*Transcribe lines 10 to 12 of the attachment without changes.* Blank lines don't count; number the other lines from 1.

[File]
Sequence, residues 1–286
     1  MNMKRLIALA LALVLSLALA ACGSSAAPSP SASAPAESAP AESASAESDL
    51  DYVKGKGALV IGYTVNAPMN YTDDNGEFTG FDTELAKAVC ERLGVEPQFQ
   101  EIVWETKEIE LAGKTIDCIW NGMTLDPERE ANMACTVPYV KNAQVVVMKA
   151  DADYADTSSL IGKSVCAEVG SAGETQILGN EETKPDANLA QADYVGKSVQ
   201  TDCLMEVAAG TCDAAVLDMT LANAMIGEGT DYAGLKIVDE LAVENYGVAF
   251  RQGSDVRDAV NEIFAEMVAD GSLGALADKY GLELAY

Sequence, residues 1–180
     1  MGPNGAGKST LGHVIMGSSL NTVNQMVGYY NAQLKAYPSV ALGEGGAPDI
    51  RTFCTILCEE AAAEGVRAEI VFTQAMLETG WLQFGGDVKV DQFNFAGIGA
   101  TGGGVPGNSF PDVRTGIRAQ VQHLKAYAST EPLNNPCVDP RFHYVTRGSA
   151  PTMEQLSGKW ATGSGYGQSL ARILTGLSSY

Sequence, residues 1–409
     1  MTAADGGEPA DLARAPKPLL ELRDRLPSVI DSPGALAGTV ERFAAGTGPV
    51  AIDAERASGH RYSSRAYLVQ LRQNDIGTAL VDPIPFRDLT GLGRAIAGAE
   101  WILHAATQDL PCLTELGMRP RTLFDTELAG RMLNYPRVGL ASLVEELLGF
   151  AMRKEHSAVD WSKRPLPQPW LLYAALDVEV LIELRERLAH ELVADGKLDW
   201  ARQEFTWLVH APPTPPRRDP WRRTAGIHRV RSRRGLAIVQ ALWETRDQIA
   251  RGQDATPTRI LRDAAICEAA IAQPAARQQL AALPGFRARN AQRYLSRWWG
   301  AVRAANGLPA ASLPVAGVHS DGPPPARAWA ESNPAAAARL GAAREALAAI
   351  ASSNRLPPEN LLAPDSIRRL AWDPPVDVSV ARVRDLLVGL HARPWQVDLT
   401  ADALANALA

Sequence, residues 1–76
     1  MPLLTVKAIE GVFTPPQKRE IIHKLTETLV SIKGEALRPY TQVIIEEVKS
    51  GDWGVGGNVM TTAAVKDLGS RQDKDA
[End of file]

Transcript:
    51  RTFCTILCEE AAAEGVRAEI VFTQAMLETG WLQFGGDVKV DQFNFAGIGA
   101  TGGGVPGNSF PDVRTGIRAQ VQHLKAYAST EPLNNPCVDP RFHYVTRGSA
   151  PTMEQLSGKW ATGSGYGQSL ARILTGLSSY